The circumstances that led to the abduction began approximately one month ago when Bradley and Johnson initiated contact with the child's mother. They asked if the child could accompany them on Nov. 21 to Johnson's family reunion in Portal. The mother eventually agreed, with the understanding that her daughter would be picked up Thursday and returned late Sunday afternoon.
Bradley had maintained no contact with the mother or their child since her birth, said investigators. The mother has retained full custody of the child since birth.
She contacted Louisville police Sunday evening when her daughter was not returned on time. Jefferson County Sheriff's investigators and GBI agents became involved Monday after Magistrate Judge Murray Bowman filed charges in the matter.
Investigators traveled to Augusta later Monday to interview Johnson at her home. She was arrested subsequent to the interview and transported to Jefferson County jail where she faces a pending charge of kidnapping. The arrest was made because Johnson was attempting to conceal the facts relating to the child's abduction, investigators said. During the interview Johnson told investigators she had accompanied her husband and her son to the family reunion in Portal. She said Bradley and the child left her residence Friday with a couple driving a small white Ford sedan.
Bradley's mother, Idaho resident Sharon Wallingford, called the mother's residence after learning that her sister had been arrested. Wallingford spoke initially with the child's grandmother and later with the mother. During the call Bradley came on the line, saying he would contact an attorney Tuesday morning and then call to relay the lawyer's advice. During a portion of the call the child could be heard playing in the background, investigators said.
Investigators spoke with Bradley on Tuesday and arranged to travel to Idaho to take custody of the child.
Contacted late Tuesday, both Bowman and Sheriff Gary Hutchins said the main objective now is to have the child returned safely to her mother.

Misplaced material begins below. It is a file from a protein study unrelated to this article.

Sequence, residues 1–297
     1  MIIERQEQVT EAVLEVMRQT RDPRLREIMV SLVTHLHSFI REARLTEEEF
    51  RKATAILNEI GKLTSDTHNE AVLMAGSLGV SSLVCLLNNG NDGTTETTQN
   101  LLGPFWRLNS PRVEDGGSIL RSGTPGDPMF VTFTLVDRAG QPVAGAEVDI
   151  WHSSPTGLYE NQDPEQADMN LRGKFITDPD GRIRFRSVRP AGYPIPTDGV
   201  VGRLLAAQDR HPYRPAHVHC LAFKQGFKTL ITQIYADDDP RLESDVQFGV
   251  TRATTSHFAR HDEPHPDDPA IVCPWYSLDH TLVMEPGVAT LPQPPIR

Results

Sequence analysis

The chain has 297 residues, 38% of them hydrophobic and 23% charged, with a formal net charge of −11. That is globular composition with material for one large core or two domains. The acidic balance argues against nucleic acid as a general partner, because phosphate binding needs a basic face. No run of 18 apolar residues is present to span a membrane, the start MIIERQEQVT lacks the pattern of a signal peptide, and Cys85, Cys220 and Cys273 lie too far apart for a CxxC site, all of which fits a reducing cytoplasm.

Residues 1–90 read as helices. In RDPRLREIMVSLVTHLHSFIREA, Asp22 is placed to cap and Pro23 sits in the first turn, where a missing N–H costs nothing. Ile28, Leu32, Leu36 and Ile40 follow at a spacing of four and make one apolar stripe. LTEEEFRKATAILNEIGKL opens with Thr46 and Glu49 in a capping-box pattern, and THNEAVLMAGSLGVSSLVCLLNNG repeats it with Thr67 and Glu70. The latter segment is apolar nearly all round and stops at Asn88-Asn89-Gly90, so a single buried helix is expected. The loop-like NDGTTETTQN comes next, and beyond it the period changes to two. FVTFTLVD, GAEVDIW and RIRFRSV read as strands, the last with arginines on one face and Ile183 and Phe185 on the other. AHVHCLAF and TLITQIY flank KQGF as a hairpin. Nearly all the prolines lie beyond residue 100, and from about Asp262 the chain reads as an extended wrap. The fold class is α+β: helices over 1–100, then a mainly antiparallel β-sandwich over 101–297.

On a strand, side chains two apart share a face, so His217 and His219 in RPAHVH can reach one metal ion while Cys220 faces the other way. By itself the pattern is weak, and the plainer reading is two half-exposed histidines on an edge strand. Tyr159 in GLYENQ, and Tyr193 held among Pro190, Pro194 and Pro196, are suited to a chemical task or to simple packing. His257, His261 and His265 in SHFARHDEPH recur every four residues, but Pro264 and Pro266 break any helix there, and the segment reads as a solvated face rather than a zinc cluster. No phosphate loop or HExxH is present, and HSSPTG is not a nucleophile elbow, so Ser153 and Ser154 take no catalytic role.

Stapleton mayor Harold Smith rescinds resignation
By Ben Nelms
Anyone who sits still for very long in Stapleton could miss a lot. That was certainly the case with the recent resignation of Mayor Harold Smith and his decision days later to rescind it.
Smith surprised many of his constituents the day of the Nov. 4 election by resigning. He left a letter to that effect at city hall along with his keys and the city credit card. Yet before the city council met to officially discuss the resignation Smith rescinded it. Concerning his decision, Smith said it was due to the number of people who contacted him, requesting that he not leave office.
"A lot of people called me and a lot of people came to see me about it," he said. "I thought about the decision I made, but with the support I got I decided to rescind my resignation."
Smith's resignation came on the day that he would have been elected for another term as mayor. He was running unopposed for his second term.
When contacted, city attorney Chris Dube said nothing in the city charter prevented Smith from rescinding his resignation.
When contacted the evening of the election, Smith said he had no comment other than to say that he had "decided to call it a day."